There are conflicting data regarding the phylum Bacteroidetes. In the FAM and MAM of CD and UC versus controls, Bacteroidetes and its species has been found to be both increased128, 131, 133, 144, 145, 151, 166, 167 and decreased.3, 136, 142, 148, 155
Increased numbers of Fusobacteria have been found in the FAM140 and MAM158 of active UC compared with inactive UC and controls.
In CD Bifidobacteria and Lactobacilli have been found to be decreased in the FAM in both adults28, 142, 156, 168 and children.151 In the MAM of UC patients, Bifidobacteria are decreased,164 whereas Lactobacilli have been found to be decreased in the FAM of patients with active UC.169
Recently, TM7 (a subgroup of Gram-positive uncultivable bacteria), previously implicated in oral inflammation, has been shown to be increased in diversity in active CD (23 phylotypes) compared with active UC (10 phylotypes) and non-IBD controls (12 phylotypes). The TM7 associated with CD and UC was strongly associated with antibiotic resistance compared with controls.170
Swidsinski et al150 suggested that two features could be useful as a “fingerprint” to discriminate between CD and UC: a reduction in the concentration of F. prausnitzii in CD to less than 1 × 109 per mL, and an increase in leukocytes in UC to >30 leukocytes/104μm2. Recent studies have also demonstrated differences in the relative abundance of the Bifidobacteriaceae, Coriobacteriaceae, and Ruminococcaceae families among individuals with different CD phenotypes.91, 144, 153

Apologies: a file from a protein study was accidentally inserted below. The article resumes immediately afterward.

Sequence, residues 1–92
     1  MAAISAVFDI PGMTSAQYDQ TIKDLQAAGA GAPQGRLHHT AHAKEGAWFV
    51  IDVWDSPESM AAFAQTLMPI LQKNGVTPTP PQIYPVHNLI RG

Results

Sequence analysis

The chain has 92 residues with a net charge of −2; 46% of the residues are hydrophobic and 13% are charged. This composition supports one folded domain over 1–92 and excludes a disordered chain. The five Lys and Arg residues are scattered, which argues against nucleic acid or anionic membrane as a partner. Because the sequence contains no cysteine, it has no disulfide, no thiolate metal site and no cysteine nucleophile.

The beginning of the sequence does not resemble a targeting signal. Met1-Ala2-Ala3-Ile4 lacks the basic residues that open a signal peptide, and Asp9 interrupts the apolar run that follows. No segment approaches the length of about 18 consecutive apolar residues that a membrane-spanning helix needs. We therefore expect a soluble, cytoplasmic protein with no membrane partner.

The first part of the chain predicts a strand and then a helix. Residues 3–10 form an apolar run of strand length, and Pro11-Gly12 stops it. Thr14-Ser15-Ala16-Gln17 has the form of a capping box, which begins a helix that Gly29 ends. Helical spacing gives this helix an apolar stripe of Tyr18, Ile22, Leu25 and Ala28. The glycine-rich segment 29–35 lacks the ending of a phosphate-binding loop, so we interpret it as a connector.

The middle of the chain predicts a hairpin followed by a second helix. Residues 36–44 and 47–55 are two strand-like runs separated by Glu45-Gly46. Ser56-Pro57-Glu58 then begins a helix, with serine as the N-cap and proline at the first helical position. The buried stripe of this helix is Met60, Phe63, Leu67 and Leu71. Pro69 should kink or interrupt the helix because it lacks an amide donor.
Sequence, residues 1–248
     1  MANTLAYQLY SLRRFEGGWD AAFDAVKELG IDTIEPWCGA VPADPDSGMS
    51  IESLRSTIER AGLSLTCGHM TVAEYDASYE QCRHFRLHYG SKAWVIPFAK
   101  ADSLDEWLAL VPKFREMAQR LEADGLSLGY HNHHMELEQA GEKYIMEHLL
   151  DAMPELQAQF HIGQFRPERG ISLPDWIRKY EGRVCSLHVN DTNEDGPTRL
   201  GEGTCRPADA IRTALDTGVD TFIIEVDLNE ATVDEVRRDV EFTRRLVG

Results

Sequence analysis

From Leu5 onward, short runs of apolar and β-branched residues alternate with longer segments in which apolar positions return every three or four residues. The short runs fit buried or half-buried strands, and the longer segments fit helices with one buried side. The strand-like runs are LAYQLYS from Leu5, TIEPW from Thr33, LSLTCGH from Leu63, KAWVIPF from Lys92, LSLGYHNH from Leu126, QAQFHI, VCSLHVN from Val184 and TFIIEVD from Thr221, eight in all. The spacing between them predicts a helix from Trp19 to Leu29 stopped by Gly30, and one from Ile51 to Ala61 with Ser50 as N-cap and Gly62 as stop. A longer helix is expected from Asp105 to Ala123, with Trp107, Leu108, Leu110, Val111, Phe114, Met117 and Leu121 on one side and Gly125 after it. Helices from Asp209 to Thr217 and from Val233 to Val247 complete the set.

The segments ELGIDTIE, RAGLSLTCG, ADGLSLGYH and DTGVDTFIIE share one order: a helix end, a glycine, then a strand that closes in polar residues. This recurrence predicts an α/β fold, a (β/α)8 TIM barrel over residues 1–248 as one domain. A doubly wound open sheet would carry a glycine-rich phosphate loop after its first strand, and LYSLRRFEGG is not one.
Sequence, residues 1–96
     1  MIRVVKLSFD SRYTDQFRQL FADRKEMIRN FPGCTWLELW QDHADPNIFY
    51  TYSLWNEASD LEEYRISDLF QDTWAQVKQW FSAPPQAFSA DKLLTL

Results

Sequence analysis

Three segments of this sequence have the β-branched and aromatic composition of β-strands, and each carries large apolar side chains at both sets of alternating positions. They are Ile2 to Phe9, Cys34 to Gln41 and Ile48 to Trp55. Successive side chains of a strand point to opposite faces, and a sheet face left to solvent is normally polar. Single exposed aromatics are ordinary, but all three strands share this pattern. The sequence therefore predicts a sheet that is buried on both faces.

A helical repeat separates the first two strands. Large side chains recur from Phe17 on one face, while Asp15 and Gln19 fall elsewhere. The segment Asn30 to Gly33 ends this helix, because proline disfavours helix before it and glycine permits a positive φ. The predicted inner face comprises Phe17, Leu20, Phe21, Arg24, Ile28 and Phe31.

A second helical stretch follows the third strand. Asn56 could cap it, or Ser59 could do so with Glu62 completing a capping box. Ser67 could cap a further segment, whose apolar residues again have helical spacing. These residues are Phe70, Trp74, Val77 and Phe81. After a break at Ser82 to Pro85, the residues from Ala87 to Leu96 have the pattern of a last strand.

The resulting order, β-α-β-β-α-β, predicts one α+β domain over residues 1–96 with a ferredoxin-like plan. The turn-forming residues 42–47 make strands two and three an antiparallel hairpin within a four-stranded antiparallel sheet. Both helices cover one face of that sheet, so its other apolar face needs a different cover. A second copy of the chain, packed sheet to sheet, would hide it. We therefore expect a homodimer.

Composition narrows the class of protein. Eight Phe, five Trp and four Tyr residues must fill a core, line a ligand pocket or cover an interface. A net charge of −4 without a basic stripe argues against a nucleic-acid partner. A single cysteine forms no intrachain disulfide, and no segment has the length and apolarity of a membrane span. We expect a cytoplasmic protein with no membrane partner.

In a study of FAM using DGGE, Joossens et al171 found a “dysbiosis signature” associated with CD, characterized by five bacterial species, namely, a decrease in Dialister invisus, F. prausnitzii, and Bifidobacterium adolescentis, and an increase in R. gnavus and an uncharacterized species of Clostridium cluster XIVa.
In the same study, the fecal samples of 84 unaffected first-degree relatives of CD patients were found to have an altered composition of the predominant microbiota compared with controls. No difference was seen when F. prausnitzii was specifically targeted by qPCR.171 Prospective studies are needed to identify if overt disease will develop in some of these relatives over time.
“Candidate Microorganism Strategy”
The two “candidate organisms” that have received the most attention as having a possible specific association with CD are E. coli and MAP.
MAP has long been considered a possible causative agent in CD because of the similarity of Johne's disease in cattle, caused by MAP, and CD in humans.172
Of two recent meta-analyses and systematic reviews of the association of MAP with CD the first included 28 case-controlled studies of MAP DNA detected by PCR in tissue samples, or antibodies against MAP antigens tested by enzyme-linked immunosorbent assay in serum. MAP was detected more often in patients with CD than in controls and patients with UC.173 The second meta-analysis only included studies of tissue samples using nucleic acid-based techniques, specifically PCR or in situ hybridization. In the analysis of the 47 studies, MAP was detected more frequently among CD patients compared with controls.174 This meta-analysis has been criticized on its exclusion of 13 studies in which MAP was not detected in any patients with CD or in controls.175 In a recent large-scale 16S rRNA gene library study which was not included in either of these two meta-analyses, more than 15,000 small subunit ribosomal RNA genes were analyzed and MAP was not detected in CD patients.3